Buying new plants for the indoor garden is a pleasure but it can also be a problem. The widespread interest in plants has brought them into the mass market stores, such as supermarkets and chain drugstores, to which everyone has ready access. The specialized plant store, greenhouse or florist shop, where guidance in selection and care of plants is available, are less accessible as a general rule.

We are probably most frequently aware of the plants when we shop in the supermarkets or the drug store, where the choices can be repetitious. Since the managers and clerks of such stores do not consider plants their first responsibility, the customer must know how to choose.

Someadvance knowledge of the characteristics of a particular plant will help you be a better judge of its condition and prospects for future development. Also, because of differences in care requirements, you need to know whether the plant is suited to the environment in your home. If you do not know before you buy, you should find out when you buy or soon after you take your plant home.

One of the limitations in shopping at stores where plants are only a sideline is that reliable information may not be obtainable there. If you are totally in-experienced, you will need more help than is likely to be available from staff members who must handle everything from bananas to zucchini.

There are some exceptions. Last spring one of the large supermarket chains provided its Northern Virginia customers with a well-illustrated and accurately written guide to plant care.

Many of the supermarkets, variety stores and drugstores offer well-grown mature plants, already exhibiting the characteristics for which they are admired and desired. in other instances, plants are offered in seedling or juvenile stages. You will find that it's fun and satisfying to grow a plant from seedling to maturity. Moreover, these small specimens are a good investment because they can become acclimated to the environment of your home gradually as they mature.

I have visited many outlets of this kind and for the most part have found the quality good. But it is not uniformly good. It is usually possible to find out when a fresh shipment is to be received. Plan your purchase to coincide with that date.

As you survey the array of plants, look for a label. The presence of a label that gives the name of the plant, as well as the price, gives more assurance that the grower took some care with his product.

Don't be timid about inspecting a plant before you buy. Leaves give a clear indication of a plant's condition. They should be crisp and firm and of good color. Plants with yellowed, withered leaves are usually removed from sale, but sometimes a plant may have been on display too long or may be suffered from careless handling.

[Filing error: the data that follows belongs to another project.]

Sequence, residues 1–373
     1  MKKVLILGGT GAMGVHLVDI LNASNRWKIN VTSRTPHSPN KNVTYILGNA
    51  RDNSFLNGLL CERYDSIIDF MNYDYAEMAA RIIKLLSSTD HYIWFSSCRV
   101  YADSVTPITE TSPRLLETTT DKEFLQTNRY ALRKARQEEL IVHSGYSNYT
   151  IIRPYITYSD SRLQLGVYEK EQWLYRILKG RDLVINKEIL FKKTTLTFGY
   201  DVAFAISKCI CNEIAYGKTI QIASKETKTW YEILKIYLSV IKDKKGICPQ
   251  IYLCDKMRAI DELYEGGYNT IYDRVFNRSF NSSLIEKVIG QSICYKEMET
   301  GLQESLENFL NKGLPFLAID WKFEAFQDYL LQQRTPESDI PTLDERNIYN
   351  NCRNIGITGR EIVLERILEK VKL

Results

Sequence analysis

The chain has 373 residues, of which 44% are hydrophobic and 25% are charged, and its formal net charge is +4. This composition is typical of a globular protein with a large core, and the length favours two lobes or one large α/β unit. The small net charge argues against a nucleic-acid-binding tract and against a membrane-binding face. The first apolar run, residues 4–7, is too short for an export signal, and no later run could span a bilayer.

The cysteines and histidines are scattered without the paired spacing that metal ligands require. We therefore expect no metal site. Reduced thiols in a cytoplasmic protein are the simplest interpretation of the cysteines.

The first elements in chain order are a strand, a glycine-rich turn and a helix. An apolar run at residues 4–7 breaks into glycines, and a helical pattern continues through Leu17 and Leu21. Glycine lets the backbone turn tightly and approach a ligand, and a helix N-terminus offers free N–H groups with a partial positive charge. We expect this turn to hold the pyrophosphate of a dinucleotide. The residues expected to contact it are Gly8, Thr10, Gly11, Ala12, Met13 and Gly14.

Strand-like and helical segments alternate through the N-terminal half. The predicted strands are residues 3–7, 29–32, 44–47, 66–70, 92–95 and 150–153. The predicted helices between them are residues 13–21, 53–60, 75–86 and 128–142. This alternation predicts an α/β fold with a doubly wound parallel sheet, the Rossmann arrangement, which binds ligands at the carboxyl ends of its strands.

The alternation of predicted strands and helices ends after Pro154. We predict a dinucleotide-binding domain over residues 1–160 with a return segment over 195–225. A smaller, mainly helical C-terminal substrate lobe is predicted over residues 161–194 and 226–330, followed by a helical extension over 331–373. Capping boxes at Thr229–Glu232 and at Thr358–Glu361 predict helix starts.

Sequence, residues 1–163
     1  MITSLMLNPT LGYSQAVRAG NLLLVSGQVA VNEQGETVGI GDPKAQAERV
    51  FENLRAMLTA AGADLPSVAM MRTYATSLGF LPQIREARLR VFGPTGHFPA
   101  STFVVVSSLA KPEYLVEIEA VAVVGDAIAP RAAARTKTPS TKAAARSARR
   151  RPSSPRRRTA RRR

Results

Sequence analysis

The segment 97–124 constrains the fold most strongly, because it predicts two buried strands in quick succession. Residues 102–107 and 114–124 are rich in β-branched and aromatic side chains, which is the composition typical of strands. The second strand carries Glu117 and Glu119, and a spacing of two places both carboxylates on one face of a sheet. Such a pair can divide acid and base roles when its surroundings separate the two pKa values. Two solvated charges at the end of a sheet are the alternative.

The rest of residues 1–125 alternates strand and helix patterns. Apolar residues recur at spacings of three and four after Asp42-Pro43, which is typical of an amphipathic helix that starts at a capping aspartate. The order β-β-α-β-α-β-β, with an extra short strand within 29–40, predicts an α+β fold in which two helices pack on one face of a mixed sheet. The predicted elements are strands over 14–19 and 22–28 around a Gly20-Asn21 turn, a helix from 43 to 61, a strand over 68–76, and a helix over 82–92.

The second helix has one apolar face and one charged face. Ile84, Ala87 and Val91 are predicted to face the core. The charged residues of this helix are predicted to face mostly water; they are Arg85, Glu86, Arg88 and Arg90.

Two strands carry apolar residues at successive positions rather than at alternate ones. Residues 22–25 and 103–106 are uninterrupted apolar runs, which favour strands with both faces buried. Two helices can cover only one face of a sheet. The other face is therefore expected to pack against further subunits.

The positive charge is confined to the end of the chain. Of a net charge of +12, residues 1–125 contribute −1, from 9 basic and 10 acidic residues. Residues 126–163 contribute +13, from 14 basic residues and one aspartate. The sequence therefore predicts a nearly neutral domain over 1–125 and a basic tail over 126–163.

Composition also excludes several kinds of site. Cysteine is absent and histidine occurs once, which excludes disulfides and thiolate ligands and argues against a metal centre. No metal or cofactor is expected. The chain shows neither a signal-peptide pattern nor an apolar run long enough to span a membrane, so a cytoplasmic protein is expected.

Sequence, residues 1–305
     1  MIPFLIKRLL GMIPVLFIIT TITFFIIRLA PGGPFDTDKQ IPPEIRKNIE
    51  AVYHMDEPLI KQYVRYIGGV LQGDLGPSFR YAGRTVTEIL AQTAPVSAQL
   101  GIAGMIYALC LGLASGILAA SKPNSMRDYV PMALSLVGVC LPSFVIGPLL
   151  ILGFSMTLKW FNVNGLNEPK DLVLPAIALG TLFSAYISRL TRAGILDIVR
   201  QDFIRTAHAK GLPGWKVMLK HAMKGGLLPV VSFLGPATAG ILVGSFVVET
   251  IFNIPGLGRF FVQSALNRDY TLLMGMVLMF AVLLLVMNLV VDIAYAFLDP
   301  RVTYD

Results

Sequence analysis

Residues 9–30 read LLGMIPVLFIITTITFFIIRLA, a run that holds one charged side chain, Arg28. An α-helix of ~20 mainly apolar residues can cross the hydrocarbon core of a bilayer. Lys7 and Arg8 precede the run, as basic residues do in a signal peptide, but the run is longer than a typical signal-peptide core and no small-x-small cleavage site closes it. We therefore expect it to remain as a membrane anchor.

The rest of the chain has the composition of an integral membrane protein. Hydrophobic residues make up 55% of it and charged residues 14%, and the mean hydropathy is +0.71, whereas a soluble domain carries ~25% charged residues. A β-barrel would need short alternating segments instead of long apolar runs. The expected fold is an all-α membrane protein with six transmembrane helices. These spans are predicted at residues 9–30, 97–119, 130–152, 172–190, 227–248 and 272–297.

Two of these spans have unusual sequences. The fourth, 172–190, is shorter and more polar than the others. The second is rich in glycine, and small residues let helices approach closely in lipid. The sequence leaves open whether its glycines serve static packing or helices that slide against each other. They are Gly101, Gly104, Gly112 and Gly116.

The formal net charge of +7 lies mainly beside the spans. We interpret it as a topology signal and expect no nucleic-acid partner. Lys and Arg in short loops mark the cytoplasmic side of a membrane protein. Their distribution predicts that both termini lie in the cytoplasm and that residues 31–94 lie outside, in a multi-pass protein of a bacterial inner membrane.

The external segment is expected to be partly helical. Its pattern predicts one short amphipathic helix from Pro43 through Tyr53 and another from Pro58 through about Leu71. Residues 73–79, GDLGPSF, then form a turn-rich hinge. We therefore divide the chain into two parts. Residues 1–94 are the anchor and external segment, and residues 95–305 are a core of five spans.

Be selective. Examine leaf tips of palms and dracaenas, for instance( they may have been clipped to remove brown tips. Flowers past their prime should have been removed.

Don't take home a plant that has obviously been under stress from too much or too little water, from cold drafts, or from careless handling. There's nothing to be gained by paying for and taking home a problem.

A flowering plant should have both flowers and buds that give assurance of a long period of bloom.

Good top growth and, for branching types, branching low on the stem, usually indicate healthy roots. Roots showing on the soil surface or growing out the drainage hole are a sign that the plant is potbound. That can mean you would have to repot almost at once.

The plants I have observed in these non-specialty outlets have been pestfree. But do examine the underside of leaves and leaf axils of any plant you contemplate buying. Those are likely places in which to find mealy bugs, spider mites. Gum or sap deposits, curling leaves and delicate webs are evidence of insect damage.

When you get your new plant home, isolate it from your other plants for a couple or weeks until you are sure you have not carried in unseen pests. This practice not only gives you a chanve to investigate for signs of infestation but also gives the plant a chance to adjust to the change of environment.

Growers and shippers of houseplants now generally give a "finishing" treatment of reduced light, moisture and fertilizer for a period of several days to several weeks before shipment to the retailer to minimize the shock of the change from their ideal growing conditions to the indoor environment. This practice makes it possible for you to buy plants that have already been somewhat acclimated to the growing conditions in your home.

However, there may still be some adjustment to undergo in your home - foliage turning yellow or dropping, for example. The adjustment period may last up to a month. Keep the plant in a relatively cool place with the bright light but not direct sunlight during this time.

No matter where you buy your plant, there is still no substitute for knowing the plant and its needs.